“The first time Rowell wrote about the struggles of her childhood was in her column for the Omaha World Herald. Her voice lowers a bit, serious but without shame. “I was living in rural areas often without power or a phone or a car. Our water came from a well and a pump. My dad was not around and when he was around, he was not good. There was a lot of alcohol abuse and drug abuse. I feel like I need to say that I’m probably sane and alive because I had a really great mom. Eventually, when we moved to the city and we were on welfare, it was a step up. Being poor in the city was easier than being poor in the country.”

Despite their living conditions, Rowell remembers a home where her father read her The Lion, The Witch, and The Wardrobe. Books were her safe haven. “My mother was very strict, there was very little on television that we were allowed to watch, there were very few movies that we were allowed to watch. But she’d let me read anything.”

And a favorite Youtube book reviewer Polesandbananas covered Landline with her usual pizzazz –

Caffeinated Links: Gwen/Peter Featurette, Wes Anderson, Gillian Anderson on Women in TV

So cute.

The New York Times on inbuilt poverty – “Critics note that if a person manages to get through high school and avoid drugs, crime and parenting outside of marriage, it’s often possible to escape poverty. Fair enough. But if you’re one of the one-fifth of children in West Virginia born with drugs or alcohol in your system, if you ingest lead from peeling paint as a toddler, if your hearing or vision impairments aren’t detected, if you live in a home with no books in a gang-ridden neighborhood with terrible schools — in all these cases, you’re programmed for failure as surely as children of professionals are programmed for success.” RT

William Dafoe via Indiewire on the differences between working with Lars von Trier and Wes Anderson – “There are similarities, but there are probably more differences. You know, their interests, they have a different kind of cinema, but they both have very clear visions, their ways of working are very different. Wes likes to shoot a lot, he’s very obsessive, and he works things out ahead of time. Lars prohibits rehearsal, because he wants the actor off-balance and he wants the actor to be fresh, he doesn’t want them to be able to deliver a performance, he wants the performance to happen. I mean that’s my interpretation of it, but he really doesn’t want them to rehearse. Also, the camera is more fluid, some shots are very designed but they’re huge signs.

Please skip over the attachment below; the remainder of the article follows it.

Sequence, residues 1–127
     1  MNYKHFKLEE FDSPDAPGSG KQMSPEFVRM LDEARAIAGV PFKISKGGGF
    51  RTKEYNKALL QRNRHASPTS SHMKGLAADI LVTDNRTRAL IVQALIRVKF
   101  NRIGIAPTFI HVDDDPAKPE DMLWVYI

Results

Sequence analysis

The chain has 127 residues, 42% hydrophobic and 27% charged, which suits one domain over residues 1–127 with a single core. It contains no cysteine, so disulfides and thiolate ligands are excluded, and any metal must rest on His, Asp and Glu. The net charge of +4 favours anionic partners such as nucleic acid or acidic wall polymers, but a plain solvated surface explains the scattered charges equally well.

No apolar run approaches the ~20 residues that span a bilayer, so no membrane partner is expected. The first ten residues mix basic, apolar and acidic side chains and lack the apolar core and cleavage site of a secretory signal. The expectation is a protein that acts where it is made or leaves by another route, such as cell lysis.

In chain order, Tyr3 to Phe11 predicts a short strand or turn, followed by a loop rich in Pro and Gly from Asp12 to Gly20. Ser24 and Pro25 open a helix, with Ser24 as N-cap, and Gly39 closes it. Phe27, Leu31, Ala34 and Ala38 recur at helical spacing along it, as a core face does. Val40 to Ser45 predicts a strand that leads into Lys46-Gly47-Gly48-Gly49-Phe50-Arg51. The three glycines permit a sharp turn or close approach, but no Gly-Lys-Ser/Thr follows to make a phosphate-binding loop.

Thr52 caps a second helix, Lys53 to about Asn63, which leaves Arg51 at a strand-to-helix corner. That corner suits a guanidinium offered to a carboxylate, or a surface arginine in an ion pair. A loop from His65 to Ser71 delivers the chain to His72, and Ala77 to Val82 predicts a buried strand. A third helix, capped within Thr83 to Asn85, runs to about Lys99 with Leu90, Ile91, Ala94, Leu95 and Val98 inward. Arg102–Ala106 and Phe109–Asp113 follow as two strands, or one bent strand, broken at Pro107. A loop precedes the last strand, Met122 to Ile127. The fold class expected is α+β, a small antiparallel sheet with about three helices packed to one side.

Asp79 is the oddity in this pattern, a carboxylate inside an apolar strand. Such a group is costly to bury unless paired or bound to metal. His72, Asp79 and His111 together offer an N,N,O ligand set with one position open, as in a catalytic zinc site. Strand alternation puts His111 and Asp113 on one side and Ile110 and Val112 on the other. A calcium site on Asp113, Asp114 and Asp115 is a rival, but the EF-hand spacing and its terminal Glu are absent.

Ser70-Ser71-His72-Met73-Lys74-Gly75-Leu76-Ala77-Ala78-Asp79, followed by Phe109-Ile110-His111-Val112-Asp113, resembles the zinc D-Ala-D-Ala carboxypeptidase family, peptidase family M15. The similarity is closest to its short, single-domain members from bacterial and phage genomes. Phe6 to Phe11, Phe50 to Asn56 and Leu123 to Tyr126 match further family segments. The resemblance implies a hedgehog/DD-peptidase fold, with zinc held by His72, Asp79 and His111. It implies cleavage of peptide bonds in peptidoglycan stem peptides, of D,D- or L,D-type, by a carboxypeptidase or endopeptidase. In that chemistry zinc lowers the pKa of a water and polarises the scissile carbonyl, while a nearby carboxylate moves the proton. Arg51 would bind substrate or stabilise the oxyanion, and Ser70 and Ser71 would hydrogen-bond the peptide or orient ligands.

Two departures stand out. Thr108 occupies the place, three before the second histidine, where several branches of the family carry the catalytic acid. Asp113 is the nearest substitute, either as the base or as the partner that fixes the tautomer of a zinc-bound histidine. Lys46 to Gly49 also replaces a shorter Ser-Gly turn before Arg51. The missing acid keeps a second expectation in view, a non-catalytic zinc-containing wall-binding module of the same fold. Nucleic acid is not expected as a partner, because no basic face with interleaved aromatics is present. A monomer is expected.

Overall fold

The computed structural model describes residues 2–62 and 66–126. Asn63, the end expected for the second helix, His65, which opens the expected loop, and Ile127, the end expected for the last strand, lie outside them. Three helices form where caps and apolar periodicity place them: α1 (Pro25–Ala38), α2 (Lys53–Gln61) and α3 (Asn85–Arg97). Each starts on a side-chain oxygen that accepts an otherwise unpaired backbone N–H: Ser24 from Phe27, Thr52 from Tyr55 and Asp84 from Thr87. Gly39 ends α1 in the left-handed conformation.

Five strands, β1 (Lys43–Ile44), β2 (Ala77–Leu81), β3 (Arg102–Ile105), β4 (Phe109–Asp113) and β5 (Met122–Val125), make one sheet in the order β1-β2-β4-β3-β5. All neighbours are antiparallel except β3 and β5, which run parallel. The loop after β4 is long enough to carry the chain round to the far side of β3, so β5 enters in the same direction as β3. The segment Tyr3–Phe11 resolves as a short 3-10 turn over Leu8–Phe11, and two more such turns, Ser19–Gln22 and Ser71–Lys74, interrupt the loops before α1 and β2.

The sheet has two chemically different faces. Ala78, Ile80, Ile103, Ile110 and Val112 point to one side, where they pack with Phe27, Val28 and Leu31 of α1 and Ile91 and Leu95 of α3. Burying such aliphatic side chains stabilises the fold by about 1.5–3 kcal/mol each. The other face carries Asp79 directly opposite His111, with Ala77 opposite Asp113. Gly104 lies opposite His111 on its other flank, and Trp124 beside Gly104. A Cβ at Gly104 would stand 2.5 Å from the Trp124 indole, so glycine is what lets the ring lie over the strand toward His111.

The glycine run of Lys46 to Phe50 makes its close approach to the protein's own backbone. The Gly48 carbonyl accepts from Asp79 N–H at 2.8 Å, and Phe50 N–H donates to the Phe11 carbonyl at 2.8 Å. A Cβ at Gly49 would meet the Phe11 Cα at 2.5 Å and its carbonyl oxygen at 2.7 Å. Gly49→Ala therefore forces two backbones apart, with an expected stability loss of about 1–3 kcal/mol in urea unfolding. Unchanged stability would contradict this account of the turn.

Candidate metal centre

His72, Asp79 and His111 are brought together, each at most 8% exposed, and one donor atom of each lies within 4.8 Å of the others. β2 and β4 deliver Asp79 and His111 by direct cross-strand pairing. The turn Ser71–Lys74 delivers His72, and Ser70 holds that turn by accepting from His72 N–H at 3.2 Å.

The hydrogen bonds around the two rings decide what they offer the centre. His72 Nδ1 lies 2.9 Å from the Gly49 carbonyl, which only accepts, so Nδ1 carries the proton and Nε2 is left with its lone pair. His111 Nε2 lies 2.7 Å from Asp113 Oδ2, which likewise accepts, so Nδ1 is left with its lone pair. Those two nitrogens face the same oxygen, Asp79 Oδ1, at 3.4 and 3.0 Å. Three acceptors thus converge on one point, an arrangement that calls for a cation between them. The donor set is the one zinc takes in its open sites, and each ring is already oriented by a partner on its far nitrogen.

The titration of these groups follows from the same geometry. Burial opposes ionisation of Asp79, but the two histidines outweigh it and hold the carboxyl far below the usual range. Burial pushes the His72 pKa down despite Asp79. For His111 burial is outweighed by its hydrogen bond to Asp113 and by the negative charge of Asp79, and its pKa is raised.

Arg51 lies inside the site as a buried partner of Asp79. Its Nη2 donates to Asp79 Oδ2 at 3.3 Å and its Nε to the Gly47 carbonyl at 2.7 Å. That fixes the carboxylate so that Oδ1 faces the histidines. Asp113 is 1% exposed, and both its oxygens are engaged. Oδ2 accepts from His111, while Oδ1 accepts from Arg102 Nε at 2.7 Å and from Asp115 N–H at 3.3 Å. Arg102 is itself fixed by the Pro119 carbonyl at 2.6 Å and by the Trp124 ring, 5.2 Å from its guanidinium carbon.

In the sequences in Lars’ work where the camera moves, you don’t even know where it is, and he really believes you can cut anything to anything so he doesn’t shoot conventionally. Wes doesn’t shoot conventionally but he does shoot in a very formal way. He really knows the frame, while he may have these wildly athletic camera shots, it’s quite built. He plays very little with chance.” RT

EW has 10 pilot season trends for fall. “IN: Spin-Offs: SO many this year, plus a copycat bonus: Two are set in New Orleans. CBS is yet again expanding its acronym-based cop-show empire with a Big Easy edition of NCIS starring Quantum Leap‘s Scott Bakula plus a Virgina-based CSI set in the FBI Cyber Crimes Division starring ex-Medium Patricia Arquette. Also: The CW’sSupernatural has its spin-off Tribes starring Lucien Laviscount and Nathaniel Buzolic while Arrow has The Flashstarring Grant Gustin. CBS’ How I Met Your Mother spin-off pilot How I Met Your Dad, a female-view twist on the departing hit sitcom starring Greta Gerwig, which is considered a lock for a fall series.” RT

Really, really great interview with Gillian Anderson on choosing a career in the UK, and her work. “Despite her full slate, Anderson keeps busy away from acting. She recently announced “A Vision of Fire,” the first book in a co-authored science fiction series with writer Jeff Rovin, who approached Anderson with the idea, as well as narration for the Emma Thompson–produced film “Sold,” about the child slavery and sex trade industry. “I’ve got so much to say about that,” she says. “Hopefully [the film’s] presence will shine a light on the situation, because the sale of children is becoming the No. 1 industry in the world.” RT